Britain has won the dubious accolade of coming top of a table of 10 European countries when it comes to eating unhealthy snacks.

41% of Britons admit to topping up with unhealthy snacks such as crisps, biscuits, cake and chocolate.  What’s more only 15% said they snacked on healthier options such as fruit, raw vegetables or yoghurt.

The research conducted by a food company that makes yoghurt, both natural and with added fruit, found this was well behind respondents in Spain and Greece.

Why do we snack?

The researchers found that these were the main reasons that Britons reach for a snack between meals:

  1. boredom: 41%
  2. an urge for an unhealthy treat: 31%
  3. a lack of energy: 25%
  4. stress: 20%

Making healthier food choices

I speak to many people who claim to eat a healthy diet when it comes to their main meals but so often this is undermined by their choices of snack foods.

Research has shown that if we can reduce sugar in our diet on a daily basis, then we are less likely to make unhealthy choices when choosing either a snack or our next meal.

This means reducing the amount of sugary carbohydrates we consume in breakfast cereals, white bread, pastries, cakes, fizzy drinks and sweets and processed foods.

Instead we should be opting for low GI (glycaemic index) foods, combining protein and healthy fats with our carbohydrates and making sure we are eating fibre in the form of vegetables (both raw and cooked) and fruits.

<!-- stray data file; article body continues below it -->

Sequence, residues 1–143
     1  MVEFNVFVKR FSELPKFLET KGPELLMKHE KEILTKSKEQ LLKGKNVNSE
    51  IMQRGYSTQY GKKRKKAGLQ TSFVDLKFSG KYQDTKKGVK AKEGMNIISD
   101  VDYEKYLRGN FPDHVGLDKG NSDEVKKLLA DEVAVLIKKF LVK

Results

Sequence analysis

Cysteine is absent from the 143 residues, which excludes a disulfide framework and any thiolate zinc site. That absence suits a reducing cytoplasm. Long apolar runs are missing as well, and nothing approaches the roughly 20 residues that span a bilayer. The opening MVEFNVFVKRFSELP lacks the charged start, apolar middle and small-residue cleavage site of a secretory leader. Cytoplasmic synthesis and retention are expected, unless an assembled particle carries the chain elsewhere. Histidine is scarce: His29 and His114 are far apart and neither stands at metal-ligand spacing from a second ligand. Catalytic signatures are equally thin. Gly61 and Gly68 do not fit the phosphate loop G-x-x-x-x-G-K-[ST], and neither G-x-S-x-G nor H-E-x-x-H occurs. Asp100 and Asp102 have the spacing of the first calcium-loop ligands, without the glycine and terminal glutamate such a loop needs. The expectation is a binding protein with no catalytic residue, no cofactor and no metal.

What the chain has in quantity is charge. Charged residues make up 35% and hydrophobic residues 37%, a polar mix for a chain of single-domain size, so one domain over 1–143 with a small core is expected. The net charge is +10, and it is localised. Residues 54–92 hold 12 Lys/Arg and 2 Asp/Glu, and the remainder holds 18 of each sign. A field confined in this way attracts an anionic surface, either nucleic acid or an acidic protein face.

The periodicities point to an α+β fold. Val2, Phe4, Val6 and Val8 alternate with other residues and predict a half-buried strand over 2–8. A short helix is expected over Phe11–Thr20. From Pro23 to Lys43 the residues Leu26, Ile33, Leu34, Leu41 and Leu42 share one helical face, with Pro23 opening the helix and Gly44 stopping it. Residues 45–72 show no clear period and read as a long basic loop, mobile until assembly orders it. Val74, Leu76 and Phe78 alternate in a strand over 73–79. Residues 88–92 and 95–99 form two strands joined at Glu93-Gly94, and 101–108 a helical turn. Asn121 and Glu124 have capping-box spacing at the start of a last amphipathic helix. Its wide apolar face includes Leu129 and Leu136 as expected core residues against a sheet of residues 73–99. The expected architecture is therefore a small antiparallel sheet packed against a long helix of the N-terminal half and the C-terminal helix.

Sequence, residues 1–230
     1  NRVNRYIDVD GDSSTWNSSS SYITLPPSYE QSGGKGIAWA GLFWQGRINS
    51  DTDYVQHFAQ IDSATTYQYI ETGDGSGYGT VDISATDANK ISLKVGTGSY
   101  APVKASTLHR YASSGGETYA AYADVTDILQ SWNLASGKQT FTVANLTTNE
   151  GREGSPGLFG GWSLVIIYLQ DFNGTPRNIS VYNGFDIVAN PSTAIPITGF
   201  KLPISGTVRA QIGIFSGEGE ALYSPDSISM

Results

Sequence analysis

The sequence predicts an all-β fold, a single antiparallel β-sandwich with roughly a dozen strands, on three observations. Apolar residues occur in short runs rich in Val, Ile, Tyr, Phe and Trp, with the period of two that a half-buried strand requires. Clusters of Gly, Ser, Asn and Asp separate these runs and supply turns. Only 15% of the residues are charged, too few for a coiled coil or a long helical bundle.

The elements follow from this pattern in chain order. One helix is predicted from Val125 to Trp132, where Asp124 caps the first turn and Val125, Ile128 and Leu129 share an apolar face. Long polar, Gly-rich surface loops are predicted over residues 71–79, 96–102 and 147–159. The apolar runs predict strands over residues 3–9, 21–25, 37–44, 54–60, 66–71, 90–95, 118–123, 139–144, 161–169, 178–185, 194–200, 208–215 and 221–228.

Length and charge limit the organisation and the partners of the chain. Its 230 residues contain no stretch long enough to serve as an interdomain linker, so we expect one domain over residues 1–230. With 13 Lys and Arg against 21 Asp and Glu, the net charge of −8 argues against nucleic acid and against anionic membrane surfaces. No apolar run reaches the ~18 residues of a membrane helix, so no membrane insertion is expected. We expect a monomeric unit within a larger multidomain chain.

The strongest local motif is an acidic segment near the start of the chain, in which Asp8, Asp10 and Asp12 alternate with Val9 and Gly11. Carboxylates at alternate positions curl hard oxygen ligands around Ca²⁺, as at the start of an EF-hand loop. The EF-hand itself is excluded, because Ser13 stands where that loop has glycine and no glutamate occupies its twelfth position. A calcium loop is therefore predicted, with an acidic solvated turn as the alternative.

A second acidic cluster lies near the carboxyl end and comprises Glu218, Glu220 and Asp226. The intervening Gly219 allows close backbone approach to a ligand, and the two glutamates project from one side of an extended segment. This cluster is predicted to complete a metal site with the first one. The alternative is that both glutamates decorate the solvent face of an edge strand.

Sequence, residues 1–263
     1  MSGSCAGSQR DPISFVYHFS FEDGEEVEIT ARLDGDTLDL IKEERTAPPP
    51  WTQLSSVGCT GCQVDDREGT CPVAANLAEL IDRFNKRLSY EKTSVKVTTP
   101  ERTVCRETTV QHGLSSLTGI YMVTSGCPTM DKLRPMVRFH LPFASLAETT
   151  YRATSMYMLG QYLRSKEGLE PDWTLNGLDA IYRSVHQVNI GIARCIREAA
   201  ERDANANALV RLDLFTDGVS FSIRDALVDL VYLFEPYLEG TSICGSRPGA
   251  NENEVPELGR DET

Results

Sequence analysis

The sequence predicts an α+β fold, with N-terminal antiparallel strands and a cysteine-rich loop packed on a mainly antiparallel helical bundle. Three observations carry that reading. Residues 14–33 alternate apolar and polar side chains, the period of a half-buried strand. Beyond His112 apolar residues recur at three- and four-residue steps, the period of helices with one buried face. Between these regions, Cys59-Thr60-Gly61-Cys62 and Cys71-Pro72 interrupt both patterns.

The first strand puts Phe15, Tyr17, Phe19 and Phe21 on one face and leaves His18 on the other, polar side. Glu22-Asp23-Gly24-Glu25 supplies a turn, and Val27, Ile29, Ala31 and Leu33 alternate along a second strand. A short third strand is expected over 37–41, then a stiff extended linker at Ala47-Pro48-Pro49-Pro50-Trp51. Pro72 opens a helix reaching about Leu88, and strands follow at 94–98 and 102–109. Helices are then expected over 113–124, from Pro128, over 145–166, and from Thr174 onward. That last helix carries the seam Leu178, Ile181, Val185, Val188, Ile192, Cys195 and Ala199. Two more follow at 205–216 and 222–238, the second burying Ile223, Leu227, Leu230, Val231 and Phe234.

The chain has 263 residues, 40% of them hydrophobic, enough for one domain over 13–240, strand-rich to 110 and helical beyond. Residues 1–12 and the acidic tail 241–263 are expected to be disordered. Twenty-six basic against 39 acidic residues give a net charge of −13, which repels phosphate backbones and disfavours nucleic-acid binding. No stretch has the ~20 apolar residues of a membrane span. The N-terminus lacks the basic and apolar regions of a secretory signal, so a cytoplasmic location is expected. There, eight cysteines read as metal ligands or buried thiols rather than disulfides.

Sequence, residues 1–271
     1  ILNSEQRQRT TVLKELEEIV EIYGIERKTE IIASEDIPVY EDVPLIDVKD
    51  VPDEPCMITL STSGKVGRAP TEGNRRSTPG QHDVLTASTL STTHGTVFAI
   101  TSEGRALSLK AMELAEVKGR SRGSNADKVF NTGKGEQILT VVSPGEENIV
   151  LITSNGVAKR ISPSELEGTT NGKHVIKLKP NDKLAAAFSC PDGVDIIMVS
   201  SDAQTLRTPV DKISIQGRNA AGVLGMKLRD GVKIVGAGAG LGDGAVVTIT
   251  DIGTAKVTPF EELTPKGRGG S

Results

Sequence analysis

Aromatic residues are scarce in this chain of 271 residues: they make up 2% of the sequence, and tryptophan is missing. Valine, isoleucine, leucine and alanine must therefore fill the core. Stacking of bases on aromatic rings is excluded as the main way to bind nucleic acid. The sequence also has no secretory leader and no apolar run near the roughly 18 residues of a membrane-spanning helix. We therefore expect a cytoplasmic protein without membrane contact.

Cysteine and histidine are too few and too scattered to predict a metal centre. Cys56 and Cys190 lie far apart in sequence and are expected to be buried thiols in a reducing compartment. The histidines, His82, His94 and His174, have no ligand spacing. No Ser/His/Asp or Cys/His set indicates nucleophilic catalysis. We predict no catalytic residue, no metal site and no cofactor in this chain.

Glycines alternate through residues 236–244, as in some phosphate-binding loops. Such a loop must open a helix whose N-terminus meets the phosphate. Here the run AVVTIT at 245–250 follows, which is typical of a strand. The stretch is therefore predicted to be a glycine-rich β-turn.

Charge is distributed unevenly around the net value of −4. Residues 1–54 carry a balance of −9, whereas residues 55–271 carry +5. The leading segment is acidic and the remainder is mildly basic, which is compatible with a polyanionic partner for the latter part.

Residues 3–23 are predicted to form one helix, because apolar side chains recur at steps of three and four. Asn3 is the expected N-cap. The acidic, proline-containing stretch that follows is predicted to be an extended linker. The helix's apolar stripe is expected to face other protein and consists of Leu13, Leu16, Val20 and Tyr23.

Hidden sugars

Many people are unaware of the hidden sugars found in foods especially those that are savoury and where you wouldn’t expect to find any sugar eg tomato sauces, soups, coleslaw and bread.  Did you know that  a 5oz serving of some 0% fat yogurts can contain as much five teaspoons of sugar!

Read the label

Reading labels is the best way to find out about hidden sugars.  All nutrition labels will state the amount of carbohydrates per 100g.  What you need to look for is ‘of which sugars’ and you should be aiming for about 2g per 100g of the food.  Also bear in mind how big your portion size is likely to be – often food manufacturers put unrealistically small portion sizes on their food packaging.

Remember also that so called ‘healthy’ drinks such as fruit juices or flavoured waters can be very high in sugars.

Some healthy snack ideas

The key to eating healthy snacks is to make sure that you have an appropriate snack to hand if you start feeling hungry at work, on the go or even after you have eaten a meal:

Nuts and seeds – one of my number one choices for snacking.  They contain good levels of protein and beneficial fats so provided you are not eating whole bag will make a healthy choice.  They are easily transportable in a small pot and can be kept in the desk drawer.

Hummous, cottage cheese or guacamole with plain oatcakes or vegetable sticks

Temperate climate fruits such as apples and pears, plums or citrus fruits but always eat with protein such as a few unsalted nuts or seeds

Nut butters spread thinly on crackers or rye bread (make sure you source sugar and salt free nut butters)

Plain bio live yoghurts with your own added fruits such as grated apple or pear or berries

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